A New Low in the Annals of Russian Stupidity
We’ve chronicled some amazing instances of Russian stupidity here on this blog over the years, but this one may well take the cake: It was announced last week that Russia was “considering” the possiblity of cooperating with OPEC to reduce the world’s supply of crude oil and artificially jack up prices. Oil prices actually rose on the news, about 1% but still below a — for Russia — sickening $52/barrel. This notion is stupid on so many levels it’s difficult to know where to begin.
Firstly, one might have hoped that after four long months of truly brutal, vicious economic bad news caused in no small part because American demand for oil declined owing to a downturn in the U.S. economy, Russia would have learned the lesson about killing the golden goose. Russia’s “president” spent years trying to undermine the U.S. economy, and the net result was that the U.S. did in fact enter a recession, one that has now virtually obliterated the Russian stock market and sent the wider Russian economy into a horrify tailspin. So, what now? More of the same?
Secondly, is it really possible that anyone, much less anyone in the Kremlin, can believe that Russia can afford to reduce its revenues on crude oil exports? It seems not, since no sooner had this report appeared than the Moscow Times was reporting the Kremlin’s plans to raise oil output. And it’s obvious the Kremlin must do so, because the falling price per barrel means it must sell more or face massive shortfalls in budgetary revenue — to say nothing of revenue the oil companies need for investment and exploration.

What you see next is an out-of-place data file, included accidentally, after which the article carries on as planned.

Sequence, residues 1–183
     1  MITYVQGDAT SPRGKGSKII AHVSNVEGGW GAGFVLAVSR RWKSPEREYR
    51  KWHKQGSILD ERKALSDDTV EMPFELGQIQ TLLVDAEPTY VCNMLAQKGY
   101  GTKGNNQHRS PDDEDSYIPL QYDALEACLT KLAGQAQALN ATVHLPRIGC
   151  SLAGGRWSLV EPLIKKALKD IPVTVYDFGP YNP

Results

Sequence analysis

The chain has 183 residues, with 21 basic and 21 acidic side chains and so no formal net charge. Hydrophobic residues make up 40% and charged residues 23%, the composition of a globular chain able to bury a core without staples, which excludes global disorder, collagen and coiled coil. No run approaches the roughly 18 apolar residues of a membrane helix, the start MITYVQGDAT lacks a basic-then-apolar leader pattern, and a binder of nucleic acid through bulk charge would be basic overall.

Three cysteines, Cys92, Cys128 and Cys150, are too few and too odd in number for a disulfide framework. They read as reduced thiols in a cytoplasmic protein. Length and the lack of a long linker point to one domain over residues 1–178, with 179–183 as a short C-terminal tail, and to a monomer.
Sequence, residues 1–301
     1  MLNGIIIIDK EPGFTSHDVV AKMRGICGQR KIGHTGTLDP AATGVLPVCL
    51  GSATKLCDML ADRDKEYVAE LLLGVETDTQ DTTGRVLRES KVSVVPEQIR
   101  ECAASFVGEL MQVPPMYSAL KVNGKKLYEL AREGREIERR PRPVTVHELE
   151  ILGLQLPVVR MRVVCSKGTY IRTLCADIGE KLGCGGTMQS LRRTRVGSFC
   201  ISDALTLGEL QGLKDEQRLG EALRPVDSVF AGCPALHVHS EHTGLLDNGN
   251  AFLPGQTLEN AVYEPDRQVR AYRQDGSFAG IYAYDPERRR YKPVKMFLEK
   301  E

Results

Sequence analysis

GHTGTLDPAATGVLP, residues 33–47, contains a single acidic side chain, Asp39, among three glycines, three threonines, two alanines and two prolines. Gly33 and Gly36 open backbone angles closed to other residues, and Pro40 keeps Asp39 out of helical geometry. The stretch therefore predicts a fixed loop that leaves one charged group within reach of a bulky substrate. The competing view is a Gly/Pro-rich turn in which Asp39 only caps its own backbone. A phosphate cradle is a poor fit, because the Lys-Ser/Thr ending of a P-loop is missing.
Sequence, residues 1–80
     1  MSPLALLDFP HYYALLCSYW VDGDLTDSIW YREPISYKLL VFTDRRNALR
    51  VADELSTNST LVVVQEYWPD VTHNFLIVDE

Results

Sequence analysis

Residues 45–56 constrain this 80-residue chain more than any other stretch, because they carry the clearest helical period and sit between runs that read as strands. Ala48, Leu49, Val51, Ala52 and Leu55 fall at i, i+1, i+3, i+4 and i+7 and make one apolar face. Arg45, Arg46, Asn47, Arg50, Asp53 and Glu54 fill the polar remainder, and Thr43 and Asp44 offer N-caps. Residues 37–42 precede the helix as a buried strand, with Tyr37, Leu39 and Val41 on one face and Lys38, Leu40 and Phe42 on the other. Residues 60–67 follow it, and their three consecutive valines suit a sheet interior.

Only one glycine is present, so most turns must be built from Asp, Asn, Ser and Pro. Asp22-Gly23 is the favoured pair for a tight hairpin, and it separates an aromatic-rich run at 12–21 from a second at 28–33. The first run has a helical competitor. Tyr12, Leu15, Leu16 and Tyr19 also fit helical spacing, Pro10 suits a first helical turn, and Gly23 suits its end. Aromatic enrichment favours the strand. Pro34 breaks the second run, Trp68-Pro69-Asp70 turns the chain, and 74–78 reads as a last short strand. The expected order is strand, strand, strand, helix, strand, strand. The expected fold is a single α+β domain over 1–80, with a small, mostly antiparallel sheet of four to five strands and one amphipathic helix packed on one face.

Thirdly, has Russia forgotten already the way it marketed itself to the West as an alternative to OPEC, and hence an important player to be included at tables such as that of the G-8? How can Russia possibly expect any reaction in the West other than an escalation of the cold war if it allies itself with the fanatical Islamic regimes who control OPEC? Indeed, perhaps the Kremlin wants to antagonize the West, and thereby perhaps create concerns about oil supply that will drive up the price even further.
Reports also circulated last week that a “resurgent” Russia was “making waves” in South America. Apparently, Russia not only believes it can sustain a presence supporting Hugo Chavez despite Russia’s foundering economy and Chavez’s increasingly untenable government, but believes that it can induce the U.S. to back away from Georgia and Ukraine by doing, in some form of malignant quid pro quo. Have Russia’s rulers even considered the possiblity that the U.S. will simply escalate its own involvement in Russia’s neighboring regions, just as occurred in the Cold War?
It appears not. Indeed, it appears that Russia’s so-called “rulers” have not considered any of the consequences of their actions, just as the rulers of the USSR never did. We fully expect, therefore, Russia to destroy itself in the same manner.